The Last Samurai Biotech

By DrKSSMDPhD, April 30, 2015

[Ed. Note: Dr. KSS writes about medicine and biotech stocks for the Irregulars. He chooses his own topics, and his words and opinions are his own. His bio, past articles, and most recent comments can be seen here. Enjoy!]

OUT of the night that covers me,
Black as the Pit from pole to pole,
I thank whatever gods may be
For my unconquerable soul.

In the fell clutch of circumstance
have not winced nor cried aloud.
Under the bludgeonings of chance
My head is bloody, but unbowed.

Beyond this place of wrath and tears
Looms but the Horror of the shade,
And yet the menace of the years
Finds, and shall find, me unafraid.

It matters not how strait the gate,
How charged with punishments the scroll,
I am the master of my fate:
I am the captain of my soul.

—-“Invictus,” William Ernest Henley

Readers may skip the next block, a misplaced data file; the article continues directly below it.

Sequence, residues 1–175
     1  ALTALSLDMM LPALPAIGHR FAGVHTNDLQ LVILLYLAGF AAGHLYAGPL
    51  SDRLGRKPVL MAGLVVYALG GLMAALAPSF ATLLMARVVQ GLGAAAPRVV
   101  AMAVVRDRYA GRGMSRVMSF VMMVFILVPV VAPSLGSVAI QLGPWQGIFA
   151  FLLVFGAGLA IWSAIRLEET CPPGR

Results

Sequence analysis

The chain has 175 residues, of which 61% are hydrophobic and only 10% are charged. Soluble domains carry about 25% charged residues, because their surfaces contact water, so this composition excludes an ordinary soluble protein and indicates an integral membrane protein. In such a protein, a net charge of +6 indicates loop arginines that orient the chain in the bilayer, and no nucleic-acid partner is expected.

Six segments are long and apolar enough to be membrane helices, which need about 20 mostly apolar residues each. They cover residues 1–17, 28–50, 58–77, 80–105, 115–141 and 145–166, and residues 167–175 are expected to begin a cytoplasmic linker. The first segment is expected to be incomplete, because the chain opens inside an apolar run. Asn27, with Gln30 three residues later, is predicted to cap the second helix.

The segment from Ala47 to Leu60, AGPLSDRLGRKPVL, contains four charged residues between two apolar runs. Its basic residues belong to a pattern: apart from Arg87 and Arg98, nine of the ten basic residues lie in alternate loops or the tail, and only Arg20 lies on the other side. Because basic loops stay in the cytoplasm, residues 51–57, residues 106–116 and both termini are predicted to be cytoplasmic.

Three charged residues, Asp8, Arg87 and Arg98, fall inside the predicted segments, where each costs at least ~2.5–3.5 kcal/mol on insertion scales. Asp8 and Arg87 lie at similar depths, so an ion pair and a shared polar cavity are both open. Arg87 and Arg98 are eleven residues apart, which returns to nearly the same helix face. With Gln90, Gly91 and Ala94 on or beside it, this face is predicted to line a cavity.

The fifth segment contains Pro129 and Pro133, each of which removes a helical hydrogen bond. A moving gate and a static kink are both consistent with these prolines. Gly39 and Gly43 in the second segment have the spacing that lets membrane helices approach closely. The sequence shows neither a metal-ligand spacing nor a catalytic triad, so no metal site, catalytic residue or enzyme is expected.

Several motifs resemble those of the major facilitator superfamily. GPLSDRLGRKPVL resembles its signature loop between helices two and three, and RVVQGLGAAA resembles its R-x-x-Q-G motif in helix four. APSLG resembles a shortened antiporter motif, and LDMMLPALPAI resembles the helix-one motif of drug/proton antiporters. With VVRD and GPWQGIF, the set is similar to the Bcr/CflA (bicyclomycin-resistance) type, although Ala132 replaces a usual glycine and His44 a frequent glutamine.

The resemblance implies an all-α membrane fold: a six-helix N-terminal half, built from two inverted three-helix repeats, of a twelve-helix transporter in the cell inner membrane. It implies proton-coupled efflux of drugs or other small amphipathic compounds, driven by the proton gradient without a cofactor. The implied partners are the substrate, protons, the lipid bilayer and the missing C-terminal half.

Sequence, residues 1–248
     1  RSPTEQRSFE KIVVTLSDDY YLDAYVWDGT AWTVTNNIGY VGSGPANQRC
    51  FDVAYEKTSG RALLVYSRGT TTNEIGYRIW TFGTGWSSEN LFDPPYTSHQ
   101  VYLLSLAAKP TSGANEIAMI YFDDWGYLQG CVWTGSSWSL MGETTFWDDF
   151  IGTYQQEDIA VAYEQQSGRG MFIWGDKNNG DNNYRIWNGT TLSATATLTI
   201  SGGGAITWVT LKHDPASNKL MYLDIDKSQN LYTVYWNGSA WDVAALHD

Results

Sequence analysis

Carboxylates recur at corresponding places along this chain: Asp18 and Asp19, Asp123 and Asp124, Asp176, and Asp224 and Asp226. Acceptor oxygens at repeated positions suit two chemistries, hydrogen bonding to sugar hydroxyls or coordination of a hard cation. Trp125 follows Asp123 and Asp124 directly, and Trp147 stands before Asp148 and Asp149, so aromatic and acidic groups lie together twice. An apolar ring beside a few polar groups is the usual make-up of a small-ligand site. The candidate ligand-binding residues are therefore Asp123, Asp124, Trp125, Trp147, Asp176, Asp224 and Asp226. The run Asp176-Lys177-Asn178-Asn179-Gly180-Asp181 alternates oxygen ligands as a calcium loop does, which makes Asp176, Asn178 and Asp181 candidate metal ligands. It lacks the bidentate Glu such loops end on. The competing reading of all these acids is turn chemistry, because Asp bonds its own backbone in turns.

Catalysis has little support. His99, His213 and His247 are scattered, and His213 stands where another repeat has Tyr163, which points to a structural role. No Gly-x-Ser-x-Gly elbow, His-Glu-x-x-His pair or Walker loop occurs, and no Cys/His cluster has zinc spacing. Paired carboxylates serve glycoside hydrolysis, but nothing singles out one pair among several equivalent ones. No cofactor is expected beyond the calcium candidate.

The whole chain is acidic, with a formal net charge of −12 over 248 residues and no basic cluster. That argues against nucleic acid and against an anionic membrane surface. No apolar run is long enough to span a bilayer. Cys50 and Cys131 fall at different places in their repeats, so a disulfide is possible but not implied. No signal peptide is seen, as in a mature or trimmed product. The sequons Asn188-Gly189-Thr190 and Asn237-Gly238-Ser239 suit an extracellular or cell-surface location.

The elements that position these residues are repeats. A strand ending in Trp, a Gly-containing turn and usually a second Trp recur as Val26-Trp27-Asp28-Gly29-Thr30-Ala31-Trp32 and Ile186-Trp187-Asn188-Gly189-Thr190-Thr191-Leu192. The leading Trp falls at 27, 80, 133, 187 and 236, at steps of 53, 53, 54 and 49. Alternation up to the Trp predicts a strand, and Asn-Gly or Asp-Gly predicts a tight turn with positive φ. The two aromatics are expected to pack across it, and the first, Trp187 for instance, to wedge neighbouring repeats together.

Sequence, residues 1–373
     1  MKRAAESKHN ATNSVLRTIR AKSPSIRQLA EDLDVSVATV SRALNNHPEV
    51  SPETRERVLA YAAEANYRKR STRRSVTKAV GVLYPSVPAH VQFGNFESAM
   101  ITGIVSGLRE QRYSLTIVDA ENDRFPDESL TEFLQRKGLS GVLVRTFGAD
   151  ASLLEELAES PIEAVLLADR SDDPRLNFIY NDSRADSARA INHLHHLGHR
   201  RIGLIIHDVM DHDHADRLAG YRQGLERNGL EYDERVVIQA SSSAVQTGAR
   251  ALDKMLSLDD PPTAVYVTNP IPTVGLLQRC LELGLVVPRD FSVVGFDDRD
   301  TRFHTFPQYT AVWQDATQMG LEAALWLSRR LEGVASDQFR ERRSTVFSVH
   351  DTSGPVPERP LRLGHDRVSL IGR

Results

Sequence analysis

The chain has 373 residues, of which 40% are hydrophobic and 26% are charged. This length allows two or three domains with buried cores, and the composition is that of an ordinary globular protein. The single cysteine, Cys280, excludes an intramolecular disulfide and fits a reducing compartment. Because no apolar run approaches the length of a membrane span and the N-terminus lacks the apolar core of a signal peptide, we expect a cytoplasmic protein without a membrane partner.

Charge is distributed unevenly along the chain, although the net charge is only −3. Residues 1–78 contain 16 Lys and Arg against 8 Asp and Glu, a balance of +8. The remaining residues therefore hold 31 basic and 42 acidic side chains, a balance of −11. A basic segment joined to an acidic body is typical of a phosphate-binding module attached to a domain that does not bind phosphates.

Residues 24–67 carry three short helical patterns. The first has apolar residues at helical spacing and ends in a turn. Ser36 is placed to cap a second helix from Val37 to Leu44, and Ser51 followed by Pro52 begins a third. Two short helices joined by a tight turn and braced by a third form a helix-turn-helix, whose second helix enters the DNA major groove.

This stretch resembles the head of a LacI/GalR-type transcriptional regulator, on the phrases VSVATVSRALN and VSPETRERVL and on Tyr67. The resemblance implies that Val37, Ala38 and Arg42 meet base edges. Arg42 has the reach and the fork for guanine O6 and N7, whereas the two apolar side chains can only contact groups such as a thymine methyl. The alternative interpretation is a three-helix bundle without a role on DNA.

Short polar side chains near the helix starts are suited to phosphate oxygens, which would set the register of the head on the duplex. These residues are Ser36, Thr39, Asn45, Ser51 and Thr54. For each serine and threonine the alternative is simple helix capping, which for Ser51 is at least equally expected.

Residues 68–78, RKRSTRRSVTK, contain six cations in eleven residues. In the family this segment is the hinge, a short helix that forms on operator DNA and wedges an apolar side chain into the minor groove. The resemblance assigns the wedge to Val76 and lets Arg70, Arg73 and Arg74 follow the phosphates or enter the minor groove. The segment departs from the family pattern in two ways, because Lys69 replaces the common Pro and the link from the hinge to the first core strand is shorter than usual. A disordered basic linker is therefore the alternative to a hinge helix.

What’s the funniest movie ever made?

Each of us answers that question differently, and for most the choice changes as life does. Two decades ago, my answer was Fellini’s Amarcord. A decade ago, I said Bedazzled, the Dudley Moore/ Peter Cook saga about a Mephistophelian pact gone horribly awry (Peter Cook as Satan: “You just can’t find good sinners anymore. Must be the wages!”). For me now, not yet old but soon enough to move out of the MTV demographic, I’d now say the funniest movie I’ve ever seen is Kurosawa’s 1961 samurai satire Yojimbo….never, mind you, LOL funny, but so skewering in every frame of the genre it depicts that one grins throughout its entirety. A genre must be great and sober to lend itself to great skewering and send-up.

Yojimbo stars the great Toshiro Mifune, a man with perfect long bones, perfect teeth, perfect hair, tented cheekbones that the camera longed for, and with an emotional range onscreen never matched by another actor. Mifune was singled out by director Akira Kurosawa early in both their careers, and Kurosawa lensed him into permanent fame. Though Mifune could play modern Japanese men in domestic roles, however, his great strengths surged into focus in Rashomon, where he played a wayward samurai involved in a crime where the truth of the events resides with whom one asks. Rashomon revealed both Kurosawa and Mifune to be artists of enormous sophistication and subtlety. Mifune cultivated swagger ...

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